The committee has therefore tried to create a "big picture" of Toronto's hospital services. It predicts a shift away from acute care provided in inner-city buildings and toward ambulatory care provided in the suburbs. The shift would include:
- Reduction in the number of emergency departments from 21 to 14. At the same time, patients who use the emergency system inappropriately would be steered to a strengthened primary care system.
- Reduction in the number of teaching, community and chronic care hospitals.
The bottom line is that 12 hospitals would close and the number of hospital beds would be cut by 13%. Most of the 2800 jobs that would be lost would be on the administrative and managerial side. The report says that none of the 5400 physicians with privileges in Toronto hospitals should be out of work because of the realignment of services.
All the proposals reflect current thinking in health care policy -- similar proposals have recently been implemented with great success in Melbourne, Australia. However, when the debate gets down to naming hospitals scheduled for closure, the fights begin. Some of the suggested closures include the Western Division of the Toronto Hospital and the Wellesley and Salvation Army Toronto Grace hospitals. Several mergers are also suggested -- one would see Women's College Hospital integrated with the Sunnybrook Health Science Centre.
As soon as the report was published, hospitals scheduled to disappear started churning out press releases, vowing to fight for survival. If he decides to accept the report's recommendations, the biggest fight facing Health Minister Jim Wilson will come from supporters of the 220-bed Women's College Hospital, where 50% of the medical staff are women. Toronto Star columnist Michele Landsberg trashed the report for treating hospitals like dots on a map. "The authors did not stop to consider that Women's College Hospital now runs in the black, is highly cost effective, is a leader in obstetrics, and is not a dot but a breathing institution with a deeply loyal constituency."
The hospital fought, and won, a bitter battle for survival 6 years ago, and Landsberg said its name came up again because "they weren't thinking about humans, only about numbers, [and] because they didn't think about women as a special medical clientele, or even admit that women's health interests aren't always well served in male-dominated institutions."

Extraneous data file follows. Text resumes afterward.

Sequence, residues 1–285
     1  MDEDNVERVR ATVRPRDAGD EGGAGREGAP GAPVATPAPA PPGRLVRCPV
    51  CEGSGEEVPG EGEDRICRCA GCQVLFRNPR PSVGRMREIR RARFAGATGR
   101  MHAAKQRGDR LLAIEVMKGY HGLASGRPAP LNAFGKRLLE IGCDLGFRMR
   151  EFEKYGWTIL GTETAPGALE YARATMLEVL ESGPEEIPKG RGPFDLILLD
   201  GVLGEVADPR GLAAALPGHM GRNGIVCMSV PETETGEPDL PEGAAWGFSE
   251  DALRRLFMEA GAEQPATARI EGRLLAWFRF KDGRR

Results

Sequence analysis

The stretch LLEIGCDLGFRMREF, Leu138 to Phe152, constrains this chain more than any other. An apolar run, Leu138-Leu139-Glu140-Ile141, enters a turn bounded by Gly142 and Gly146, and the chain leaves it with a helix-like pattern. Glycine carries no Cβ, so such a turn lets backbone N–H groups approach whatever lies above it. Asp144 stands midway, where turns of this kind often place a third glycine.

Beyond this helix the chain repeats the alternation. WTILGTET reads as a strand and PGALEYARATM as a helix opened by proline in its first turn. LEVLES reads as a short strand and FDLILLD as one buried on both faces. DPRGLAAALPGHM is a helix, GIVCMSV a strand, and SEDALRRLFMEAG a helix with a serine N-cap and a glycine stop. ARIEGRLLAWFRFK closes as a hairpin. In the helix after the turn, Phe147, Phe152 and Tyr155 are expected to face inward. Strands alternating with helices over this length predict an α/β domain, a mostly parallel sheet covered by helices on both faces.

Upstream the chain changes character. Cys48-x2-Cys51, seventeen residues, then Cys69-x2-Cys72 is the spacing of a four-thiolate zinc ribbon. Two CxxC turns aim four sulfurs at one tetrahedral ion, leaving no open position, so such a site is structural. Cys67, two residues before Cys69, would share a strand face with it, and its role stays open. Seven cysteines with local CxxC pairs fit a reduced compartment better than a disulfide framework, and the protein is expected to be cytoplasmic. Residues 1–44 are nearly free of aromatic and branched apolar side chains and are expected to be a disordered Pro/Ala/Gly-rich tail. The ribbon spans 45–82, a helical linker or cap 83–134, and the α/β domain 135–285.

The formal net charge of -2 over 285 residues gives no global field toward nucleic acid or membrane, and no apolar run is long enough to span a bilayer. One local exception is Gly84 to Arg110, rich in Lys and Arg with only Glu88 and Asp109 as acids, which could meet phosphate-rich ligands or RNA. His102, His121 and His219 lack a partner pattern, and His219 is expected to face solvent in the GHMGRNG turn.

Her passionate defence of the hospital is bound to give politicians goosebumps, simply because the fact that her arguments don't begin to address the wider pressures facing planners is irrelevant. Women's College can call upon a huge army of supporters that includes Dr. Bette Stephenson, a CMA past president, a member of the hospital board and a past minister of health in a Tory government. The hospital lobby comprises people who are expert in marshalling support for causes and reaching the ears of the powerful. Will the Harris government be able to stand its ground before Toronto's feminist establishment?
Jim Wilson has not committed himself to full implementation of the Toronto report -- he has simply said that the government is willing to close hospitals if this would eliminate "duplication, waste and administrative inefficiencies."
But if the government allows Women's College to survive, what sort of message will it be sending to other Ontario cities, where closures are also bound to be proposed?
In the end, the battle over closures will likely obscure another important recommendation: the provision of alternative forms of care in the community. The report called for $75 million in annual spending to improve community-based services, such as visiting nurses and 24-hour clinics.
Toronto physicians are concerned that the Harris government may be tempted to use the savings from hospital cuts to pay for its promised tax cut, and not to reinvest in the health care system. For instance, when the city of Windsor asked for $68 million to help downsize its hospital sector, Wilson's first reaction was to balk at the cost.
Some Ontario hospitals have already reacted in response to what they predict will be massive cuts in hospital spending. In September, the University and Victoria hospitals in London announced they would create Canada's second-largest teaching hospital by merging -- and in the process would save $40 million annually by reducing duplication, particularly on the administrative side.
Whatever the government does, it knows there will be opposition. At its November convention, the Ontario Hospital Association released a survey showing that most Ontarians oppose any health care cuts. Only 10% of respondents in the Environics survey thought there were too many hospitals in their region.
However, it is also true that the longer Mike Harris and his government wait, the more difficult hospital closures will be. Keep this in mind: whatever happens to Toronto hospitals early in 1996 will set the pattern for the rest of the province to the turn of the century.